Loading articles...

No one knows how many have died in illegal group homes

Last Updated Dec 4, 2017 at 6:53 pm EST

They are the lost and forgotten, those who have fallen through the cracks and no one knows how many of them are dying in illegal group homes. Their deaths go largely unnoticed.

Esa Lehmusjuuri was one of them. On Nov. 30, CityNews reported that the 70-year-old man died trying to escape the illegal group home he had been living in for 6 weeks. He had been illegally locked inside and tried to get out by climbing over the back fence. He fell and his body wasn’t discovered for more than 24 hours. Esa lived in a mouse-infested basement room shared with another resident and was charged $3,900 in four weeks to live there. His daughter believes more people will die in these homes.

“More people will die. People have died. People will be injured,” says Anne-Marie Pollock, Esa’s daughter. “People are not being cared for, and people are getting sick. These are elderly, vulnerable people of our community, and they need help.”

In fact, more people have died since Esa’s death in April 2016. CityNews has learned of at least two, possibly three more fatalities.

One woman died in the summer at a home at 78 Rouge River Drive in the city’s east end. The cause of her death has not been released but her living conditions in the group home were so disturbing it prompted a crackdown by the city. Multiple fire-code violations were laid at several different illegal group homes in Scarborough.

A second woman in her 50s died in that very same residence on Nov. 15 of this year. She had fallen out of her bed. At the time, police found 16 residents living in the home, sparking concerns.

In a third case, no one seems to know what happened to an elderly man with dementia at another illegal group home on Littles Road. He fell down the stairs one evening and was rushed to Sunnybrook Hospital’s trauma unit with severe head injuries. He hasn’t been seen since, and that home has since closed. Police had not been notified of the fall and were unaware of the incident.

No one can say how many more people have died in illegal group homes in the city. The reason for the utter lack of numbers or statistics is quite simply because, as confirmed by the coroner, no one is tracking the deaths.

“If the group homes are illegal, why do [authorities] allow them to run? And if they need them, why don’t they regulate them?” Pollock asks. “Otherwise, they need to charge these people.”

CityNews found out that all the group homes mentioned above are operated by Winston Manning under the company Comfort Residential Group Homes Inc. He refused to comment when we knocked on his door.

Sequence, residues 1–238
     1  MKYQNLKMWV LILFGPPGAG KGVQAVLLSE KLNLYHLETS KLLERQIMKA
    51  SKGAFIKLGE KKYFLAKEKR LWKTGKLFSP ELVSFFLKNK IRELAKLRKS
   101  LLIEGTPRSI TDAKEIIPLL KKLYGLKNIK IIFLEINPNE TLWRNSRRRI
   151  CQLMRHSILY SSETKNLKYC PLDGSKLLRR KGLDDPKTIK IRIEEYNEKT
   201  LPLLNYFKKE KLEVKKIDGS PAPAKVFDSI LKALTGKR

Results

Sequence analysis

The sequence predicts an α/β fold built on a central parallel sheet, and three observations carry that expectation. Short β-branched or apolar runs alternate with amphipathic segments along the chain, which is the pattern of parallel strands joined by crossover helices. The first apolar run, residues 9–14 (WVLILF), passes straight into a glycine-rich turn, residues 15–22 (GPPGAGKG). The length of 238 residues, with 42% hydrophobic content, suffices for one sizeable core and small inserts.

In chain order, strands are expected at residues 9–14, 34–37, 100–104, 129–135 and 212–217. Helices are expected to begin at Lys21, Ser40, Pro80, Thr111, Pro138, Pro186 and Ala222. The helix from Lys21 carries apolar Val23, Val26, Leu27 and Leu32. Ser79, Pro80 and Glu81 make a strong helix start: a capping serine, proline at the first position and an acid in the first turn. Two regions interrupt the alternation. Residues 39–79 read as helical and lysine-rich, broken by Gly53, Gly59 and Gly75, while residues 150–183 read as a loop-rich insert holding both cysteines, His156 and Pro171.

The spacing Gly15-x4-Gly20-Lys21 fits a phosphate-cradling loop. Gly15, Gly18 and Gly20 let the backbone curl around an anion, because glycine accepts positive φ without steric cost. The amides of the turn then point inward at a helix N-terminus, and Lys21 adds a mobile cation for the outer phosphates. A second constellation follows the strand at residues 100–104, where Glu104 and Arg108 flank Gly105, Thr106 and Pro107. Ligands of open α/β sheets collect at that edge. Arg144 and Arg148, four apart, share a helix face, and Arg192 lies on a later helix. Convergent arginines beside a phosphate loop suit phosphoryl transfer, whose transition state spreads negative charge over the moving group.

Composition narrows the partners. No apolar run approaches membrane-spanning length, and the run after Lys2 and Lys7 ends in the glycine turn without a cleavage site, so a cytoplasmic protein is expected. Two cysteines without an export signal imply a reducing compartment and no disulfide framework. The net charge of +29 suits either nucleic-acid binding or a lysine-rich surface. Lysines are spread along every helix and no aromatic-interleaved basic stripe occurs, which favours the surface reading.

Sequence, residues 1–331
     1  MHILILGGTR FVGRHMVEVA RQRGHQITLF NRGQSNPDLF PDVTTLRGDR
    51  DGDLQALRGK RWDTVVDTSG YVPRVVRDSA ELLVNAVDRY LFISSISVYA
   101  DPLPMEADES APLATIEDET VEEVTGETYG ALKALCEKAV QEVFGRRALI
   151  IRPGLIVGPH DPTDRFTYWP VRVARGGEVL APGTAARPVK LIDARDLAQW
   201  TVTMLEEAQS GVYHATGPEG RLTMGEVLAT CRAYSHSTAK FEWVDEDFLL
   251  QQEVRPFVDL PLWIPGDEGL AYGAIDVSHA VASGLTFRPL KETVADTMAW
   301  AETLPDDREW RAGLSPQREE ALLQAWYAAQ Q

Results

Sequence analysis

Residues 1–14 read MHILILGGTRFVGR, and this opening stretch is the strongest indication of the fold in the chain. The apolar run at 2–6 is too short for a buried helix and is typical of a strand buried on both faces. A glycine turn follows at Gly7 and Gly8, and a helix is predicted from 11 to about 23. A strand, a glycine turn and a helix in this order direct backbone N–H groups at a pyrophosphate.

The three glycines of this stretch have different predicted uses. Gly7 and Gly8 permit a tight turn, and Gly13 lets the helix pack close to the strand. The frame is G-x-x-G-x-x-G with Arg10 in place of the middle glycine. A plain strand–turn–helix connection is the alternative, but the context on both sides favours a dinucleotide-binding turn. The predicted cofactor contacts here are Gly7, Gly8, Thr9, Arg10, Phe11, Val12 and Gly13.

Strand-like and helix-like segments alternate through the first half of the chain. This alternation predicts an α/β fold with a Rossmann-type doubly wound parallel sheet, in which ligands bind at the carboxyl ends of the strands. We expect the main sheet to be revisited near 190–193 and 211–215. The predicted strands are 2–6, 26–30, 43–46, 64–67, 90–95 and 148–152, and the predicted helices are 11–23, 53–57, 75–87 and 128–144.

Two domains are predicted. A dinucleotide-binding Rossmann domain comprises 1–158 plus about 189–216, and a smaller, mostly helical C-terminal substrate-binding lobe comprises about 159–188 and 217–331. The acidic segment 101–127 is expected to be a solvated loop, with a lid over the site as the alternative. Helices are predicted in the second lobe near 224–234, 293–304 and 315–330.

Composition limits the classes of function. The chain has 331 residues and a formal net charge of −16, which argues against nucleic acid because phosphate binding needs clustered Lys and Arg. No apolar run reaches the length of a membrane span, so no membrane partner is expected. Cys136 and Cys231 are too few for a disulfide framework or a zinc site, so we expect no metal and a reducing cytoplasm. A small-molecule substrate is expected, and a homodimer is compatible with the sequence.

Toronto police are regularly called to these homes. A source tells CityNews they responded 69 times to one on Fawcett Trail in just the seven months from Jan to Aug 2016. The calls ranged from theft to missing persons to emotional distress and medical complications.

A report dated Oct 2016 by Spectrum Health Care, which provides home care, details disturbing findings at Fawcett Trail including “filthy bedding with patients feces,”  “no clean clothes” and “broken windows…with broken shards of glass sticking out.”  The report also mentions a patient who said her husband was sent to another home for being “naughty,” and that she was “told to behave otherwise she would be sent elsewhere.”

An OPP investigation earlier this year expressed concern for the safety of residents who live in the illegal group homes, but did not lay charges or shut the homes down. The investigation concluded there was nowhere else for patients to go because of a housing shortage.

Most of the people in the homes are elderly or have physical or mental health issues and need to be in long term care. But the wait-list can be up to five or six years – thereby creating a steady stream of desperate people who end up in illegal group homes.

Pollock says no one should have to die the way her father did.

“It’s horrifying. He died a death that I wouldn’t wish on anyone. Unable to move due to a fractured spine, cold – it was freezing that night – and unable to call for help. Even if he was, nobody heard him.”